Just when Samuel Morin finally got healthy and was ready to challenge for a spot in the Flyers’ regular defensive rotation ...

The Flyers went out and acquired veteran defensemen Matt Niskanen and Justin Braun in the offseason, pushing Morin down on the depth chart.

Sorry, big guy.

Actually, Niskanen was traded for another veteran defenseman, Radko Gudas, so it was the addition of Braun that could cost Morin a spot in the top six.

Morin, a happy-go-lucky 6-foot-7, 230-pounder, insists he was not disappointed that the Flyers added some experienced defensemen. In fact, he thought they were needed.

“It was good news for our D corps,” he said recently as he prepared for the start of the Flyers’ main training camp Friday. “We need a little more structure and I think those guys are going to bring that. They’re veterans and they’ve played in the playoffs, and Niskanen won a Stanley Cup.”

Morin, 24, selected in the first round (11th overall) of the 2013 draft, believes the next few weeks will be critical to his future.

“If I want to have any chance at the NHL, I think I have to have a pretty solid camp,” said Morin, who stayed in the area all summer and trained at the Flyers’ practice facility in Voorhees. “I want to play in the NHL and I want to show the coach and the GM in preseason that I’m ready to go.”

» READ MORE: New Flyers defenseman Matt Niskanen could help Ivan Provorov return to form

Even if he does have a strong camp, Morin is in a difficult position. Ditto Robert Hagg, who was a regular last season.

With Gudas traded, Morin and Hagg are probably the Flyers’ most physical defensemen. Still, barring an injury, the top six is expected to look like this: Ivan Provorov (assuming he signs) and Niskanen; Travis Sanheim and Braun; and Shayne Gostisbehere and Phil Myers.

Myers will have to fight for his spot, but based on his showing late last season and hints dropped by general manager Chuck Fletcher, he is favored to land on the third pairing.

That is, unless Morin and Hagg wow the brass at camp.

“I’m excited about camp,” Morin said. “I don’t know if it’s do-or-die for me, but obviously I need to have a good camp. I know my body a little more now and know what I can do and what I can’t do, and I think I’m going to be even more ready. I have to be more careful with my body. I can’t stay on the ice [at practice] like I used to when I was younger. I used to be on the ice all the time and training in the gym a lot. Now with all the surgeries… I have to be smart about it.”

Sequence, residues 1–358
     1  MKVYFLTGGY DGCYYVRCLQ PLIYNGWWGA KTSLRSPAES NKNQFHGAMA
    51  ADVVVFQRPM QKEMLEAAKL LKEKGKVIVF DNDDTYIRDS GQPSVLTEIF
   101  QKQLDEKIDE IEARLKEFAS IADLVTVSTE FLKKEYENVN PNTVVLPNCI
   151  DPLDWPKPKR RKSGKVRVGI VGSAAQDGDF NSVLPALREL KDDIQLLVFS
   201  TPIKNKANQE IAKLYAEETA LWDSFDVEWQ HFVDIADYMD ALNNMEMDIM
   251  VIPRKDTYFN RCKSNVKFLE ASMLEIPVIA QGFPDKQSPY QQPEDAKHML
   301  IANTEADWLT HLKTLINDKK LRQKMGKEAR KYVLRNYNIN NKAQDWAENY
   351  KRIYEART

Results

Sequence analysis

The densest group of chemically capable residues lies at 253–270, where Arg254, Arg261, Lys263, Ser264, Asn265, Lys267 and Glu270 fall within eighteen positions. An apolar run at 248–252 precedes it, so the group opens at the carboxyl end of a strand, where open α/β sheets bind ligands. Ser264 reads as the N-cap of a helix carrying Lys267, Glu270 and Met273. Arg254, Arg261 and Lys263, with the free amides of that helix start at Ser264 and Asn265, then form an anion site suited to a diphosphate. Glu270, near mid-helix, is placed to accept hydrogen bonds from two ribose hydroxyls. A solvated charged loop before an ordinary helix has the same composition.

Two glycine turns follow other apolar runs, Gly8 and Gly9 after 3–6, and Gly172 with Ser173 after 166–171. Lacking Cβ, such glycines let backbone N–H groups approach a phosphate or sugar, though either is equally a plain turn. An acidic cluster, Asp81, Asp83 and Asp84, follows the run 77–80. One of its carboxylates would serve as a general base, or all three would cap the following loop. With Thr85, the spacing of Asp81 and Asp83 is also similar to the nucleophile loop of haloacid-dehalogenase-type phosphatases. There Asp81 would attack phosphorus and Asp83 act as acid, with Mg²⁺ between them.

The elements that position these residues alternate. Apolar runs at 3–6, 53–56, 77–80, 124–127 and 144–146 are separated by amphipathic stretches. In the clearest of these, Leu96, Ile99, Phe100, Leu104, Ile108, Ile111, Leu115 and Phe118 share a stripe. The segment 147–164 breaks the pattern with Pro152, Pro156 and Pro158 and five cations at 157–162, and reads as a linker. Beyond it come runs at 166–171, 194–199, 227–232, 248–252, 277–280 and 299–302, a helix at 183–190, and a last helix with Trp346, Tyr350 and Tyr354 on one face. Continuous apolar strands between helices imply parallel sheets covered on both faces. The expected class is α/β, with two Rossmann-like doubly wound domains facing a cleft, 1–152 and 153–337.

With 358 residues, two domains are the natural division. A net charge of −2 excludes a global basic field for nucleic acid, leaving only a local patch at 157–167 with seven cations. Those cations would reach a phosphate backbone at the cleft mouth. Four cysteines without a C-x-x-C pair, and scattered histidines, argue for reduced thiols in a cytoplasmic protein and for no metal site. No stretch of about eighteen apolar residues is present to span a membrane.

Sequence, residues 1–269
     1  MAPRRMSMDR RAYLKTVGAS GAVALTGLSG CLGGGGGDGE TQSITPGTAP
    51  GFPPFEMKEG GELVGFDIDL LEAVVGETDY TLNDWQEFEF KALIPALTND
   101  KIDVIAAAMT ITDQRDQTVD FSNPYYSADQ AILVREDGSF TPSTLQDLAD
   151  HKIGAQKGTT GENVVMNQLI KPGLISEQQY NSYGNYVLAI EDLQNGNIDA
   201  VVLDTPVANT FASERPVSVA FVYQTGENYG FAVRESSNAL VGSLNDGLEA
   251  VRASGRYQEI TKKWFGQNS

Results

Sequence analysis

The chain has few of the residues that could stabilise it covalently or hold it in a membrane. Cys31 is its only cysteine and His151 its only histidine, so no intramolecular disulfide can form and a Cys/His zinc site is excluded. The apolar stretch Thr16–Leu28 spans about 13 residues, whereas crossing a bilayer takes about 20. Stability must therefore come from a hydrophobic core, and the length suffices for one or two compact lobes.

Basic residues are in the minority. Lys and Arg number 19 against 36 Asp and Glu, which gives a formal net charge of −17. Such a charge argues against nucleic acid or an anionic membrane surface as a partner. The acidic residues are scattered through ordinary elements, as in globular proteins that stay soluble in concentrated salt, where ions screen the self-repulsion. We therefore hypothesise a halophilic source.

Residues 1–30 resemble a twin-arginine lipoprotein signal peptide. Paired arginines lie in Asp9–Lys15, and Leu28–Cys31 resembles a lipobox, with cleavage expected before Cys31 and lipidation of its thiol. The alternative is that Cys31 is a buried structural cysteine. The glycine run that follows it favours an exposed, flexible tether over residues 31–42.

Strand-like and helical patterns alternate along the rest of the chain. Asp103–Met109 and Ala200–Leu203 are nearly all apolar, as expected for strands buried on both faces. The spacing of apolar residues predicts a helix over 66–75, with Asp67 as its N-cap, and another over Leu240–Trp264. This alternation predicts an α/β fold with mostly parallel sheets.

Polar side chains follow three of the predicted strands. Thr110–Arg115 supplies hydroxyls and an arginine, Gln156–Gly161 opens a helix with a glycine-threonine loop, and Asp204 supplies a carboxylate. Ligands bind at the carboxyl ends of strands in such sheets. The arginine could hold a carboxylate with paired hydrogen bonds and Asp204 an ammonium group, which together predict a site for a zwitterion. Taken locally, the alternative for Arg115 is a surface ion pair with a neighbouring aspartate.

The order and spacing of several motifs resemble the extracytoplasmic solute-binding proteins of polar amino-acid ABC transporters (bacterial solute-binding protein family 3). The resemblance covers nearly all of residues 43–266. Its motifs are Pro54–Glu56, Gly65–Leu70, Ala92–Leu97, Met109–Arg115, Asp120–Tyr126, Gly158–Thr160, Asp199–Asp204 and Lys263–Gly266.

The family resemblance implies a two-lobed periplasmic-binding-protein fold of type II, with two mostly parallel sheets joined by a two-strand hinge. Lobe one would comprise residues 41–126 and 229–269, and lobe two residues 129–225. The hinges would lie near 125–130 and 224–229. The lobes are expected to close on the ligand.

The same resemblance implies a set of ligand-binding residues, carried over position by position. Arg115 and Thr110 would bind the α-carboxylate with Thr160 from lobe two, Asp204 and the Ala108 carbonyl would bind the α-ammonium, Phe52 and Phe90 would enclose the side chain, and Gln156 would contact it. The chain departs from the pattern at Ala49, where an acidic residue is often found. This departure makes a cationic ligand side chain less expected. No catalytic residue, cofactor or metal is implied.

It appears Morin, Hagg, and Myers will battle for the last spot. If Myers wins it, Morin and Hagg will probably be kept as extras because the Flyers don’t figure to risk losing them on waivers by trying to send them to the Phantoms.

“There’s just six spots in the lineup. I don’t know how many they’re going to carry, but I want to play,” said Morin, who appeared in five late-season games with the Flyers last season after rehabbing from surgery to repair a torn ACL in his right knee. “I don’t want to be in the stands all the time. But who knows? There could be injuries. A lot of stuff can happen. That’s what training camp is for. Go out there and compete. … I’m keeping a positive attitude about it.”

Overcoming a slew of injuries (knee, hip) will make it more satisfying when/if Morin does become a regular.

“Obviously I’ve had so much bad luck, but I know I can play in this league,” he said. “I played five games last year against pretty good teams – and before that, I was out all year. I don’t know if a lot of guys can do that. I did it. I’m really proud of myself. I worked hard all summer and I’m ready.”

When he wasn’t in the gym or on the ice, Morin was checking out restaurants in Philly.

Buddakan is his favorite.

“I really like their calamari salad,” he said. “I’m a big food guy.”

A food guy who is hungry to show he belongs in the NHL.